Original London Cast, 1968 (Decca) No stars; not recommended. After a long period during which London produced few musicals of consequence, things picked up in the ’60s. Some even called it the Golden Age of British musicals. One of the London hits of that period, perhaps because it was “racy,” was Canterbury Tales — a loud, tuneless bleat of a musical that ineptly adapted the Chaucer stories. Martin Starkie, working with Professor Neville Coghill’s translation of the tales, dramatized them just as two young composers, Richard Hill and John Hawkins, were writing a suite based on the work. When an LP called The Canterbury Pilgrims, narrated by Starkie, proved successful, a full musicalization evolved with book by Starkie and Coghill, lyrics by Coghill, and music by Hill and Hawkins — none of whom had ever written a musical. The disc reveals no characters and no sense of plot, just a series of short, formless pieces couched in a weird, ugly combination of medieval harmonies and trashy rock music. The songs announce themselves but don’t develop; for example, a number called “Darling, Let Me Teach You How to Kiss” just keeps repeating that phrase. This is the kind of show whose writers think using the word “cock” for “rooster” is pretty hot stuff — ergo the “joke” behind the song “I Have a Noble Cock.” — David Wolf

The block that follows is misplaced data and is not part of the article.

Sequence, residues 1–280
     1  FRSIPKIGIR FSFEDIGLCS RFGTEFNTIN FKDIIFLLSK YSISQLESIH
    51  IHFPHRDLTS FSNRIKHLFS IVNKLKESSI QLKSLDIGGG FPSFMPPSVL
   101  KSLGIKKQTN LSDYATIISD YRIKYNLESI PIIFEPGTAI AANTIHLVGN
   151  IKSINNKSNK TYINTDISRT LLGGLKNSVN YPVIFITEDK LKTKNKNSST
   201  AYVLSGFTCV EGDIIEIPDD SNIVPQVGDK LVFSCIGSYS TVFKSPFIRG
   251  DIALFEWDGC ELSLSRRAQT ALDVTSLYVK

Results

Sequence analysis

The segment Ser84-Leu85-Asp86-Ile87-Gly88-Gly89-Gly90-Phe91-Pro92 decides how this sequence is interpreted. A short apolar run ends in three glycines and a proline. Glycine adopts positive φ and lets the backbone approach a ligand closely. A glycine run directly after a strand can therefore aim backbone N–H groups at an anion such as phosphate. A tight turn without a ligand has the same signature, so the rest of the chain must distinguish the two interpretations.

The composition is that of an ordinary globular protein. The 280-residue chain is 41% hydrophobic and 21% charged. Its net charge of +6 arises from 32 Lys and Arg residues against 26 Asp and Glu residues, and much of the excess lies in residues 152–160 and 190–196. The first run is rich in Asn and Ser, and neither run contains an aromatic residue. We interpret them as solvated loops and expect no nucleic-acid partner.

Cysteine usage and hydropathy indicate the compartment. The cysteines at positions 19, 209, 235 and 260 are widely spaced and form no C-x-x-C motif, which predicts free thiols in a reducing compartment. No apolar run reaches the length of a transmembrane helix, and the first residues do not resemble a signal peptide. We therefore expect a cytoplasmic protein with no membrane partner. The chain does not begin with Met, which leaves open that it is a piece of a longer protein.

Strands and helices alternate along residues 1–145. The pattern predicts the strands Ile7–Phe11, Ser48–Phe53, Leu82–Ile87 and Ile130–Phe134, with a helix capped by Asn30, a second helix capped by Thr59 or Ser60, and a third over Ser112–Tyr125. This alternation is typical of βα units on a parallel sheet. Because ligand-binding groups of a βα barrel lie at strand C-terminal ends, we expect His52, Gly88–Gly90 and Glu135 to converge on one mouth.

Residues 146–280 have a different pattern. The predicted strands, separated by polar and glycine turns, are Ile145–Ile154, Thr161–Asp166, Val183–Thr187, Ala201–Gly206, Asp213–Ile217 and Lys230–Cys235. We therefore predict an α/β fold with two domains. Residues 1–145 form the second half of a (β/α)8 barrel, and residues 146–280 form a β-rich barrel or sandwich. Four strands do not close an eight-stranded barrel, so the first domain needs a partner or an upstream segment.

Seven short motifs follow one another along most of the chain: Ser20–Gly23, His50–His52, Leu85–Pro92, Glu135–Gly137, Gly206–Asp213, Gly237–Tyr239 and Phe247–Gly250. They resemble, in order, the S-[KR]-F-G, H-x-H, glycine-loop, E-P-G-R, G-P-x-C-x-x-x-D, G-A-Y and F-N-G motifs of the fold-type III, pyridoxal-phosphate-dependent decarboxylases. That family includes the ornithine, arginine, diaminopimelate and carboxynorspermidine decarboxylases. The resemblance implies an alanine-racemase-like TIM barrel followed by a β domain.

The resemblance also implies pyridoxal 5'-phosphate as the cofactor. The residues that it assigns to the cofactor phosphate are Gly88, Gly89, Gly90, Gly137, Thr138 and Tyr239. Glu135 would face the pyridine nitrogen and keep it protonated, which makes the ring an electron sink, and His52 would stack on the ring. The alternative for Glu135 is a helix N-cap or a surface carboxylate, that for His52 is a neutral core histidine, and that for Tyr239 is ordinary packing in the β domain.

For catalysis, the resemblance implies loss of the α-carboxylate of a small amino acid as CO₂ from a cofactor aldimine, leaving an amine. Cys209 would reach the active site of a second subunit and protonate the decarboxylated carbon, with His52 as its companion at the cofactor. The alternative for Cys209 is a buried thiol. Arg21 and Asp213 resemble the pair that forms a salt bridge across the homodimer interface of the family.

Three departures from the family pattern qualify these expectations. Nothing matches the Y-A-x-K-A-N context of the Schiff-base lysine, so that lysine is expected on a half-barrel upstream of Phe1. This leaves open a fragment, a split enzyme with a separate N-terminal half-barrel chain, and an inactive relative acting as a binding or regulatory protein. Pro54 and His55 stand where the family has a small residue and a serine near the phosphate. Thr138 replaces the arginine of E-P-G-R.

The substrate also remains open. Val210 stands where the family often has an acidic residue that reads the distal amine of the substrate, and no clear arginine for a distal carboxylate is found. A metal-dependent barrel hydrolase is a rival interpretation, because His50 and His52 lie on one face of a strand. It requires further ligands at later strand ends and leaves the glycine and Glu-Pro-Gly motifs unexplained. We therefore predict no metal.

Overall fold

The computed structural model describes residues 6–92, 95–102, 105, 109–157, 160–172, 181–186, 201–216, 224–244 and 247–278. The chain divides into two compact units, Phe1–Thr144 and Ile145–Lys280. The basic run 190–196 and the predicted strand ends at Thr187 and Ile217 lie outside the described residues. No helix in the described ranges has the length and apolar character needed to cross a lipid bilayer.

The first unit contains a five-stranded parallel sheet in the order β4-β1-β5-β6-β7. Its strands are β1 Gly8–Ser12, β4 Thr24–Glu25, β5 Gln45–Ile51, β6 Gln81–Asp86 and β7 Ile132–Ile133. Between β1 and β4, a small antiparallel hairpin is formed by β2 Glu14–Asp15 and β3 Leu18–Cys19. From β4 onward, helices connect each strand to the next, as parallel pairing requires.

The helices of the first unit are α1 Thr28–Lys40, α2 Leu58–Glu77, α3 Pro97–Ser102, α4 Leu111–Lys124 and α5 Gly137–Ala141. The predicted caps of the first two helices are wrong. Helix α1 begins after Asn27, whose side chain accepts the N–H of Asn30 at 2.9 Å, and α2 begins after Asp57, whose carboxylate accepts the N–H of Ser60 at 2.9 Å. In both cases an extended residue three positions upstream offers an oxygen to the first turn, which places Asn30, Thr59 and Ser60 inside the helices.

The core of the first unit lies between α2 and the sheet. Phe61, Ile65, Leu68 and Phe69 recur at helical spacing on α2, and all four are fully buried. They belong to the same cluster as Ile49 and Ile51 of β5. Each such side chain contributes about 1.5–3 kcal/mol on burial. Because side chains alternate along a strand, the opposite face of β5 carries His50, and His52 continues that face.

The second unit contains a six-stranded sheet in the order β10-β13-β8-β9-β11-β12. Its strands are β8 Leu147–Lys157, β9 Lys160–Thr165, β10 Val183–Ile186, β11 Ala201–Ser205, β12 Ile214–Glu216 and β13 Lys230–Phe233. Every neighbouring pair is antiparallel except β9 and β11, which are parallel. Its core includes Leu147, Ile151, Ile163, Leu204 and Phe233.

Original Broadway Cast, 1969 (Capitol/Angel) (1 / 5) It isn’t just chauvinism that makes me prefer this recording of the failed New York production of Canterbury Tales to the cast album of the successful British original, and it isn’t just stubbornness that makes me tell you it’s still not good. But it is much better. For one thing, the cast is superior, almost without exception. Sandy Duncan, Ed Evanko, Ed Steffe, Martyn Green, Hermione Baddeley, and George Rose perform the mostly dreary material as if it were My Fair Lady. Rose, who brought great style and humor to a number of unfortunate musicals (and revivals of some really good ones), performs a remarkable bit of alchemy with “If She Has Never Loved Before,” in a recording so different from the original that it almost sounds like a new song; here, it’s alive and even funny, a kind of joyous calypso number. Of course, that’s partly thanks to musical director Oscar Kosarin, who really knows how to drive this shaky score while managing to downplay the ugly rock noises heard on the London cast album. This remains a show about a group of English travelers passing the time by telling each other stories. One of the stories, “The Priest’s Tale,” was cut for the American production, along with five songs. Three new songs were added, and one of the originals — “What Do Women Most Desire?” — was totally rewritten as “What Do Women Want?” But the improvements are largely negligible. — D.W.